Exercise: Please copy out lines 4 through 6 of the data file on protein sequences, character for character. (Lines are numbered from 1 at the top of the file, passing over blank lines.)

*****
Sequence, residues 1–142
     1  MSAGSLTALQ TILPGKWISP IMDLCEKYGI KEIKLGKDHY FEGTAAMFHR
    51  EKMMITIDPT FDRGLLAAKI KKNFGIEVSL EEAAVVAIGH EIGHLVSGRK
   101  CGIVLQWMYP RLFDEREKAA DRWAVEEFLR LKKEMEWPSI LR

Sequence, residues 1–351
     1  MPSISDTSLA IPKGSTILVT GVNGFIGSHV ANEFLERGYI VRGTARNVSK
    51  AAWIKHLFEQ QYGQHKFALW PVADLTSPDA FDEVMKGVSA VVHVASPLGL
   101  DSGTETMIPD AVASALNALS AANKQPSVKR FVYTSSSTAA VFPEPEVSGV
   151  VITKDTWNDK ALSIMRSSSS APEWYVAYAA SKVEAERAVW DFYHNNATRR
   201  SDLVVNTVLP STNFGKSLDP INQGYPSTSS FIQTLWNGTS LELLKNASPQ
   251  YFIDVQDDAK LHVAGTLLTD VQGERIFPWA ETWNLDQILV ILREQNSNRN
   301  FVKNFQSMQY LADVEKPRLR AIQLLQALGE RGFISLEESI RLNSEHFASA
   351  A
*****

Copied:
   101  CGIVLQWMYP RLFDEREKAA DRWAVEEFLR LKKEMEWPSI LR

Sequence, residues 1–351
     1  MPSISDTSLA IPKGSTILVT GVNGFIGSHV ANEFLERGYI VRGTARNVSK